The new dispute is over a change order related to work on the roadways, according to the disclosure document. The developer had asked for more money, though the disclosure documents do not say how much; and Arora said he doesn’t think the amount of money in dispute has been made public.
LINKS’ view is that the work in LAWA’s notice is outside the scope of the project, which is why it is seeking extra compensation, Arora said.
“It appears to LAWA that LINXS actions are being taken in an attempt to cloud its own delayed performance of the work and the inadequate resources it has brought to bear to meet the completion deadlines agreed to as part of Change Order #66,” Adams wrote. “For the foregoing reasons, LAWA warns LINXS in the strongest possible terms of the grave consequences of its proposed action to abandon material aspects of the work.”
According to LINXS’s disclosure, the developer believes the agreement requires that LAWA not only provide notice to the collateral agent of a developer default, but the notice “must contain detail sufficient enough to enable the collateral agent to assess the scope and amount of any liability of [LINXS] resulting therefrom.”
The default notice fails to meet these requirements, according to the developer’s letter.
The project bonds were downgraded from BBB to BBB-minus by Fitch in March 2020 citing credit deterioration in key project counterparties.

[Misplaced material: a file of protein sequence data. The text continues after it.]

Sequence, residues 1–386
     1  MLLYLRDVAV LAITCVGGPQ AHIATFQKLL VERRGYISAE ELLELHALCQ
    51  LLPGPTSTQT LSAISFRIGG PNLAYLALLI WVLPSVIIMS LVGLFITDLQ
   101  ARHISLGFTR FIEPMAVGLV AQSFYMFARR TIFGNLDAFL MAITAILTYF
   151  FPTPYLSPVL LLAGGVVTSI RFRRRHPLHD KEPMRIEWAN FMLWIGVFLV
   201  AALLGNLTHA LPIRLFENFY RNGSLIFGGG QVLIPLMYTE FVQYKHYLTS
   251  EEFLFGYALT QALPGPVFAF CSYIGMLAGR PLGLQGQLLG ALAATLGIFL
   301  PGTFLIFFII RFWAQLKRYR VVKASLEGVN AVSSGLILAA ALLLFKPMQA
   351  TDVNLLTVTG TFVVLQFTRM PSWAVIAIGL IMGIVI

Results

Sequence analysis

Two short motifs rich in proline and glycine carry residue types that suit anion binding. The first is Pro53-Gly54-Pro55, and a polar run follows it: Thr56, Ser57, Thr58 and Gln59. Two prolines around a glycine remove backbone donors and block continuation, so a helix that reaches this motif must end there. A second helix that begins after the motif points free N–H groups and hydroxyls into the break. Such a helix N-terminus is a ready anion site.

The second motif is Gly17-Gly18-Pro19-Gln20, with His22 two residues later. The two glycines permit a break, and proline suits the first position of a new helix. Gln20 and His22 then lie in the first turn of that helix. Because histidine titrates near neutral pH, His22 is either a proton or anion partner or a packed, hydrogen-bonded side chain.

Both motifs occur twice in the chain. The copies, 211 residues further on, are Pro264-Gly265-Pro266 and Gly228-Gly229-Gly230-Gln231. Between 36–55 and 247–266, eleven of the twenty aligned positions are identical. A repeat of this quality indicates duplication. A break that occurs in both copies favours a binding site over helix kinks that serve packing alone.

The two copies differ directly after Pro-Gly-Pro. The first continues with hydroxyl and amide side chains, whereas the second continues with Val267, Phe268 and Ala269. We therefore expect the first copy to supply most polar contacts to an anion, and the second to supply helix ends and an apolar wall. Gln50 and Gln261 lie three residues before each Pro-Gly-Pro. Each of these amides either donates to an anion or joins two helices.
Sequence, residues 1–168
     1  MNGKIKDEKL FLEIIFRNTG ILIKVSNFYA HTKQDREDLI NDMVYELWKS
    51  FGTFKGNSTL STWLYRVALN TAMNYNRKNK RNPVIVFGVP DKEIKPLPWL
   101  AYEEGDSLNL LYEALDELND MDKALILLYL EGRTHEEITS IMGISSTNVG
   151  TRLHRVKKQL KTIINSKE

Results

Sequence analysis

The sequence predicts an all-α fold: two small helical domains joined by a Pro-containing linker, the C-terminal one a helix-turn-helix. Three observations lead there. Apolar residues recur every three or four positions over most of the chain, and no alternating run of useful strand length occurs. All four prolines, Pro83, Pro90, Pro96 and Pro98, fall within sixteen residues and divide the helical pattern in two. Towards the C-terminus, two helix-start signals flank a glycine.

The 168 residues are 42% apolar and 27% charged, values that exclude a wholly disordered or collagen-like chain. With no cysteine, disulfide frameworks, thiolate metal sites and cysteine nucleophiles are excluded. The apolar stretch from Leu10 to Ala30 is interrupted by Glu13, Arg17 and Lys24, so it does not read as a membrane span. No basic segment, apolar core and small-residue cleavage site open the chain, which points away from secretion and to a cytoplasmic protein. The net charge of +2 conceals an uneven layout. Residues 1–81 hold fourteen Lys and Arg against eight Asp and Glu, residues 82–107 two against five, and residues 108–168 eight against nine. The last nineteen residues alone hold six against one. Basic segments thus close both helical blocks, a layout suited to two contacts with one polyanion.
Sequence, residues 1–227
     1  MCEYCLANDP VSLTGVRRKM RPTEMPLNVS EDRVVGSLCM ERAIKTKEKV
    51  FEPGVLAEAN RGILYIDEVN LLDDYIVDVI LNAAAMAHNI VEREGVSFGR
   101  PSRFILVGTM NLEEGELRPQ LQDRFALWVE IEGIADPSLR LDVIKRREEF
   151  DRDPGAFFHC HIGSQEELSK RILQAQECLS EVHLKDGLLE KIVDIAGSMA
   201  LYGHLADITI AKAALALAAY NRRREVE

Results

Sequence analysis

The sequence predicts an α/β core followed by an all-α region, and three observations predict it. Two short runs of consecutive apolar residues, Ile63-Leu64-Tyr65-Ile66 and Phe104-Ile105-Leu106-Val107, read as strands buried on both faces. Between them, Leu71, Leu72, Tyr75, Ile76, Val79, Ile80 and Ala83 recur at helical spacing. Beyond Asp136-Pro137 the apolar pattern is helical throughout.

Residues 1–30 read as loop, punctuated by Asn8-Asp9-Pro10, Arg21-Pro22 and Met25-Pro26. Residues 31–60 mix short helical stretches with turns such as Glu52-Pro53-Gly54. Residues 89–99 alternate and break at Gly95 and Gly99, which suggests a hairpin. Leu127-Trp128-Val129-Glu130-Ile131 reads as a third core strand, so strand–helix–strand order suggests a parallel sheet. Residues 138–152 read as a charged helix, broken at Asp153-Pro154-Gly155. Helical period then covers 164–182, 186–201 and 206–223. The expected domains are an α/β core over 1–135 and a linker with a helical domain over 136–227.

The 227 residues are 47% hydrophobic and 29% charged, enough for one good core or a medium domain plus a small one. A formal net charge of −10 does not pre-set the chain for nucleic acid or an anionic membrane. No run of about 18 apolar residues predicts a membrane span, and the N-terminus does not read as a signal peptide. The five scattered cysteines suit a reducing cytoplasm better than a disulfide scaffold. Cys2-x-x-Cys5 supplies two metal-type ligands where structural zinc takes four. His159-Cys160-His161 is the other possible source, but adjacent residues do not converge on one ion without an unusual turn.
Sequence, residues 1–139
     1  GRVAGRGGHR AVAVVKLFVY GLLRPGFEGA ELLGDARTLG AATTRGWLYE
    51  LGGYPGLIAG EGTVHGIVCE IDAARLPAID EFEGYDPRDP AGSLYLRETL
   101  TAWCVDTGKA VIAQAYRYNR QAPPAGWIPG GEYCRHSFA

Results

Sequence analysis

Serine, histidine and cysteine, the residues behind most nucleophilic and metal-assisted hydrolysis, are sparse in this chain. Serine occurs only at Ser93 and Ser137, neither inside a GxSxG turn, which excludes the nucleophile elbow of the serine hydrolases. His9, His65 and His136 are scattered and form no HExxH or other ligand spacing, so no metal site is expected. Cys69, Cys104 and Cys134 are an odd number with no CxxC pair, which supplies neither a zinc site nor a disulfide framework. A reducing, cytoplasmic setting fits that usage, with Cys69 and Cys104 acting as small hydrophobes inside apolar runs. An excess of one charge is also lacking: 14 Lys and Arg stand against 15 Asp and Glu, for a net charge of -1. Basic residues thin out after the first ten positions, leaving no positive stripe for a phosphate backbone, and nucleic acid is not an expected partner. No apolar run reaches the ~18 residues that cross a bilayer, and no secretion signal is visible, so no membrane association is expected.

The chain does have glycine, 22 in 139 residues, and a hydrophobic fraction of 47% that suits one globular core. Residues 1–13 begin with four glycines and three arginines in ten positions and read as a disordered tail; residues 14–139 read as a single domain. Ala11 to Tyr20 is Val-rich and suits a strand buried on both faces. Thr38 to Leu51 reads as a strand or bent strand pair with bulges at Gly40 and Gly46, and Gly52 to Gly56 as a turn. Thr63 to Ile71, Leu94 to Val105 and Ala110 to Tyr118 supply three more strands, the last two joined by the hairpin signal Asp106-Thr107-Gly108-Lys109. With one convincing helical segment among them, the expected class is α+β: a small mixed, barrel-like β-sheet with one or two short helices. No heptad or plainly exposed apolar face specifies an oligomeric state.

Fitch’s Lack and Arora were unable to shed light on which of the private partners the two-year-old ratings downgrade was alluding to, but said it was unrelated to the rating actions on airport credits after traffic plummeted in the aftermath of the first pandemic stay-at-home orders.
Fitch said in Wednesday’s report that its BBB-minus rating reflects “the complexities of implementing a large construction project, although offset by an experienced team of design-build contractors, significant construction progress already made, and an adequate construction security package.”
Fitch also cited a strong revenue-paying grantor and well-defined operating standards.
“While the project’s average debt service coverage ratio of 1.15 times under the Fitch rating case is at the lower end of the investment grade range, this is mitigated by a robust realistic outside cost to breakeven multiple of 7.8 times, which illustrates the project’s cost resiliency and supports and investment grade rating,” Fitch analysts wrote.
LINXS sold the $1.2 billion in private activity bonds for the project in 2018 through conduit issuer the California Municipal Finance Authority. The deal, which had certain maturities insured by Assured Guaranty, was 6.7 times oversubscribed.
The deal received the Far West Deal of the Year award in 2018.
The people mover project is designed to not only move passengers more efficiently throughout the airport, but also link to the Los Angeles Metropolitan Transportation Authority’s rail transit network.
The airport is notorious for generating huge traffic snarls inside the airport and on surrounding roads.
In 2015, the airport agency and LA Metro began to work through years of inter-agency squabbles to craft a solution: a 2.25-mile automated people mover that would connect to the city’s mass transit and other passenger drop-offs at six stations outside of the airport, including a station on .
That raised the issue of how to pay for the $5 billion project.
The solution came through the creation of the public-private partnership involving LAX Integrated Express Solutions, a consortium of five internationally known developers and equity financiers. The P3 is structured as a design-build-operate-maintain agreement with availability payments.
The airport projects that the people mover will serve 30 million people per year.